Marigold is a common grown flower of India. It is very important flower, as it extensively used on religious and social function. Also it is used as trap crop. As it is short duration crop with low investment, it becomes popular crop of India. Marigold flowers are attractive in shape and color. It is widely adopted because of ease of cultivation. On basis of size and color, it has two main varieties, African Marigold and French marigold. Plants of French marigold variety are short while flowers are small in size compared to African marigold. Maharashtra, Karnataka, Gujarat, AP, Tamil Nadu and MP are major marigold cultivator in India. Dashera and Diwali are two festivals when demand for this crop is highest.
It can be grown on wide range of soil. But it grows best on well drained and loamy soil. pH of soil should be in range of 6.5 to 7.5. Acidic and saline soil is not suitable for cultivation.
French Marigold are grown best in light soil whereas soil with rich manure is best for African Marigold.
KSP 5324 F1 YELLOW KING
Pusa Basanti Gainda: It is a long duration variety. Plant height is about 58.80cm tall with dark green leaves. Flowers are of sulphur yellow colored, double and carnation type.
Pusa Narangi Gainda: It required 125-136days for flowering. Its plants are tall with height of 73.30cm and leaves are of dark green color. Flowers are of orange colored and carnation type. Flowers are compact and double layered. Gives average yield of 140q/acre of fresh flower.
Proper spacing between plants is required for better development of plants and for
higher flower yield. The following spacing is recommended for marigold.
1) African marigold
60 X 30 cm or 45 X 30cm.
2) French marigold
20 X 20cm or 20 X15cm
Manures and Fertilizers
Incorporate 20 tonnes of Farm Yard Manure during the last ploughing. Apply 20-40
kg Nitrogen (N), 80 kgs of Phosphorous(P) and 80 kgs of potash (P) per acre. Half of nitrogen, entire dose of phosphorus
and potash should be applied as basal dose, preferably one week after transplanting and rest
half nitrogen should be applied one month after the first application. Irrigate after application.
In marigold control of weeds is an important operation. If the weeds are not removed
in time, a great loss would occur in terms of growth and productivity of marigold particularly
during rainy season. Hoeing and weeding should be done 3 to 4 times during the crop period
to make the soil loose and weed free.
At all stages of vegetative growth (55-60 days) and during flower production
sufficient amount of moisture in soil is essential. Moisture stress at any stage affects normal
growth and flowering. In lighter soils more frequent irrigations are required than in heavy
soils. In sandy loam soil, weekly irrigation is necessary between September to March while
during summer months between April to June irrigation at 4-5 days intervals is required.
In tall cultivars of African marigold, plants first grow upwards to their final height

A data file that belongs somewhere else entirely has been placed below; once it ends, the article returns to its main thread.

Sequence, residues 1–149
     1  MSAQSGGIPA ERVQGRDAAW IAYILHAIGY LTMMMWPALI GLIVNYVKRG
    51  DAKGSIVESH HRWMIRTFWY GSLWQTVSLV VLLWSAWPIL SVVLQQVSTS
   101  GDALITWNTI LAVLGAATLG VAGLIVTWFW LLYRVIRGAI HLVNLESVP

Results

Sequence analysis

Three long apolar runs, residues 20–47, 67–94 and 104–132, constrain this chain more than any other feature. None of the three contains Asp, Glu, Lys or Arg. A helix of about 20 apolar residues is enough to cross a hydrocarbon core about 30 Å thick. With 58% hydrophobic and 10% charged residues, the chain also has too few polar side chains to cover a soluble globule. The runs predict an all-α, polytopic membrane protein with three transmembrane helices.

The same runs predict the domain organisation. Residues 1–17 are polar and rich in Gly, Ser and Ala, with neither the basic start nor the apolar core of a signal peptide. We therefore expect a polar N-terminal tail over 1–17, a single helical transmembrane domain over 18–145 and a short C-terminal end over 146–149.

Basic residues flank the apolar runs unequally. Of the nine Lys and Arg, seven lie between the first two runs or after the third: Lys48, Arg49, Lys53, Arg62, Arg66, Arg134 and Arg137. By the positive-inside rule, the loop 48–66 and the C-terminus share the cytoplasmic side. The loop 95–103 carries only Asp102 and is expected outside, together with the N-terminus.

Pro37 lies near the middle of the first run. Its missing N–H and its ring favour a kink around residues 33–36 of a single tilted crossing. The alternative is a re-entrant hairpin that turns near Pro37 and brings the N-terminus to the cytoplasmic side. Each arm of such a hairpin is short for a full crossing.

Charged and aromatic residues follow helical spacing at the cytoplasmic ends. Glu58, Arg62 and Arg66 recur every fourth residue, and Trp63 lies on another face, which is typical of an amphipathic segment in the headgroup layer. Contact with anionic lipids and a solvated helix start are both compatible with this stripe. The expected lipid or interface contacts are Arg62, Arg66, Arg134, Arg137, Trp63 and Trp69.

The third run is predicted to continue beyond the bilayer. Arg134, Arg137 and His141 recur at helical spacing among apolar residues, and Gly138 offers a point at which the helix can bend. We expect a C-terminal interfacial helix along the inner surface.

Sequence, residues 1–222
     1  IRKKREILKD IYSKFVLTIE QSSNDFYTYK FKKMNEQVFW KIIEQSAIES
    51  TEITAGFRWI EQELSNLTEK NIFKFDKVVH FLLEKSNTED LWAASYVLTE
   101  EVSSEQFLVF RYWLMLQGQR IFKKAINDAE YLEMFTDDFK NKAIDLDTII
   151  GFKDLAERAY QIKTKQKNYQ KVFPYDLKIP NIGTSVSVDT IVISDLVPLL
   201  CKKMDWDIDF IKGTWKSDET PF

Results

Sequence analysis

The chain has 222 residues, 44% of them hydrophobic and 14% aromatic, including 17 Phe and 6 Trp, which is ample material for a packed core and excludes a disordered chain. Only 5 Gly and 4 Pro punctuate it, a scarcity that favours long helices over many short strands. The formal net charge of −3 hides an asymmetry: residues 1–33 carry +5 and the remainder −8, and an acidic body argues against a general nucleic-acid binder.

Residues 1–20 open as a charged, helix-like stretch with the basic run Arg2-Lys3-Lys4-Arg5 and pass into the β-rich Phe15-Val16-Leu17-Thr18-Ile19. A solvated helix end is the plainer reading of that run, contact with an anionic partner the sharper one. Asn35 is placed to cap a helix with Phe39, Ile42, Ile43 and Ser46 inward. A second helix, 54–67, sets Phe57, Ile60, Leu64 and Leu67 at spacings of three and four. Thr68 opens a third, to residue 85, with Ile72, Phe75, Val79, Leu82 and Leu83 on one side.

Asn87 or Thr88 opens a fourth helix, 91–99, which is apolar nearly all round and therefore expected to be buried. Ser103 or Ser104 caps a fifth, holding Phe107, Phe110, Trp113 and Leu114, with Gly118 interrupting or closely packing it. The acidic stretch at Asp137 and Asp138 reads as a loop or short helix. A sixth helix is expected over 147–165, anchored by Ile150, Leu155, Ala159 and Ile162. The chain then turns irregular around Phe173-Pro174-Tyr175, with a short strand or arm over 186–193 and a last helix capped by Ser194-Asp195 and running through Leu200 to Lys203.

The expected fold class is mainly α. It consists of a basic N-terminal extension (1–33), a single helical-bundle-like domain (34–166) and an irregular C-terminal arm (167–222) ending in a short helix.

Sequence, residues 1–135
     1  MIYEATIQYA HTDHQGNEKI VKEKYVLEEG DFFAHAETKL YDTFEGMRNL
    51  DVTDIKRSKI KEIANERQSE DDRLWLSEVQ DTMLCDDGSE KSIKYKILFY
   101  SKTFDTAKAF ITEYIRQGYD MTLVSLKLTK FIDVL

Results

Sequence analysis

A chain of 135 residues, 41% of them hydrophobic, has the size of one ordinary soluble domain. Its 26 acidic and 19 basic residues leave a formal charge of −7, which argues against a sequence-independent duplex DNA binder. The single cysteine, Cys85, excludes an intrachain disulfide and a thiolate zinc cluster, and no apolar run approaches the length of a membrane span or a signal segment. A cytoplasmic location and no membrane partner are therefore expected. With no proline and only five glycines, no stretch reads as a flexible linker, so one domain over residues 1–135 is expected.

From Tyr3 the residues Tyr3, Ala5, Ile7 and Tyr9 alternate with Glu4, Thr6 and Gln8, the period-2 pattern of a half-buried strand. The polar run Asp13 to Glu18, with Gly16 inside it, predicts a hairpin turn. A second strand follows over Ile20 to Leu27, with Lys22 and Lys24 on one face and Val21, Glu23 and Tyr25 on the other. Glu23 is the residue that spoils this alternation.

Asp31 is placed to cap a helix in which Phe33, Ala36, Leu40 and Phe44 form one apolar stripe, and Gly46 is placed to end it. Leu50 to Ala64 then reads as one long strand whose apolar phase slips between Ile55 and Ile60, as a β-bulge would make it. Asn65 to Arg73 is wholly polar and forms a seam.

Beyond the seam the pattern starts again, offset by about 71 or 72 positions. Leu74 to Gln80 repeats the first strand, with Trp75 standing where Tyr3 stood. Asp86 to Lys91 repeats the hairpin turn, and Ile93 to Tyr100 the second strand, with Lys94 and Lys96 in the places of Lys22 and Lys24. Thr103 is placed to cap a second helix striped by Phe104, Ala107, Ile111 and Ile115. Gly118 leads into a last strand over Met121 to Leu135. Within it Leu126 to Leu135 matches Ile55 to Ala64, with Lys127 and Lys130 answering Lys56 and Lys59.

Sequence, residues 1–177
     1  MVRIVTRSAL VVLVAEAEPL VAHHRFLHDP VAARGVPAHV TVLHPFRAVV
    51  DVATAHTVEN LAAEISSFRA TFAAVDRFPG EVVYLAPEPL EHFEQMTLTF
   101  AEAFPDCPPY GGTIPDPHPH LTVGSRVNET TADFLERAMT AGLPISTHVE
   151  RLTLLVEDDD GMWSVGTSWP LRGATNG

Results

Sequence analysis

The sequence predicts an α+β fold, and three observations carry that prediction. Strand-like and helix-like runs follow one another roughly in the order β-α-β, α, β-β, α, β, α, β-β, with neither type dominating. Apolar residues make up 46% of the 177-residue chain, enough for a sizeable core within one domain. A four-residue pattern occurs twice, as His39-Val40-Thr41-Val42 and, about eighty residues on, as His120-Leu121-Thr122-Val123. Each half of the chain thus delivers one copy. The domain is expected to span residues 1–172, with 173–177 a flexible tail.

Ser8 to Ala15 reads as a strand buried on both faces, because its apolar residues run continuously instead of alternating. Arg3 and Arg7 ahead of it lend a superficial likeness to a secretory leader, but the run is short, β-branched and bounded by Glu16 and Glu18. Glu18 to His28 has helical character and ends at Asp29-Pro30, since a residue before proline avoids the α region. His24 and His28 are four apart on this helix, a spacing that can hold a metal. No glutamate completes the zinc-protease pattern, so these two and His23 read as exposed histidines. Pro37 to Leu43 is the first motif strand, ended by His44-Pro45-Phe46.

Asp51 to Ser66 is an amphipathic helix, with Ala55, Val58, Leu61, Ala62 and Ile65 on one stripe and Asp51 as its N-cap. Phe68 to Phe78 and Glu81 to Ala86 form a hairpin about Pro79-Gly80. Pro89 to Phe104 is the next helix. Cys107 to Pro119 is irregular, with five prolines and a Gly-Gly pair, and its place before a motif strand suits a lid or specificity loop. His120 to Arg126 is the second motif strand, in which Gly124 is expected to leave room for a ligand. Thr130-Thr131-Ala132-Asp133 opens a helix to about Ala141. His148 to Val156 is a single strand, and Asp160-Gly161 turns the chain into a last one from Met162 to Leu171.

and later on produce a terminal flower. After the formation of terminal flower bud, axillary
branches develop which also bear flower. However, if the apical portion of shoot is removed
early, large number of axillary shoots arise resulting in well shaped bushy plant bearing more
number of uniform sized flowers. Removal of apical portion of shoot is known as pinching. It
is observed that pinching at 40 days after transplanting enhances flower yield. However,
Giant double African yellow and orange do not require pinching as the plants are bushy and
Marigold flowers are plucked when they attain full size. Harvesting should be
done either in the morning or evening hours. Field should be irrigated beforeharvesting of flowers so that the flowers keep well for longer period after harvest.
Productivity of plants increases considerably by regular plucking of flowers and
beheading the dried flowers .
Yield of flowers varies with type and variety. Normally 4-6 tonnes of flowers per acre
can be obtained. However, Giant African yellow when planted in September, may give 10
tonnes of flowers per acre.
Seeds should be collected only from winter crop.
African marigold – 120-150 Kg /ac
French marigold – 400-500 Kg/ac.
After harvest, flowers are packed in moist gunny bags or bamboo baskets covered
with moist cloth or polythene sheets and sent to market.
Eggs are laid singly on young buds. Larvae feed on developing flowers by damaging
florets. Larvae of Phycita sp. feed on heads of buds and flowers.
Collection and destruction of infested buds and flowers. Sprays of 1) Emamectin benzoate 2)Flubendimide
3)Emamectin benzoate + novolurone
5)profenofos + cypermithrin
Aphids (Aphis gossypii)
Aphids mainly infest lower surface of flowers and base of petals. Nymphs and adults
suck the sap from the flowers causing discoloration and withering.
Spraying of Acetamiprid
lambdacyhalothrin + thimetaxom
Thirps infest young leaves, buds and flowers and suck the sap. Affected leaves get
distorted, while petals of flowers turn brown and dirty.
Two or three sprays of Oxydemeton methyl, Diemthoate 0.05%, at 10 days interval.
Wilt and Stem rot (Phytophthora cryptogea)
The fungus attack roots and collar portions of the plants. In nurseries the infection
results in damping off and is aggravated by high soil moisture. In the field the infected plants
Treat soil with Captaf, Mancozeb and Metalaxyl.
Collar and root rot (Pellicularia filamentosa, P.rolfsii, Pythium ultimum, Scelrotinia
Rotting of root and collar portions is noticed resulting in wilting of the plant.
Soil fumigation and planting healthy seedlings.
Leaf spot and blight (Alternaria sp., Septoria sp., Cerospora sp.)
Brown circular and brownish grey spots appear.
Spraying fungicides regularly.
Powdery mildew (Oidium sp. Leveillula taurica)
The fungi cause powdery patches on leaves.
Foliar application of sulphur compounds, Carbendazim, Triadimefon, Fenerimol,
Penconazole and Triforine.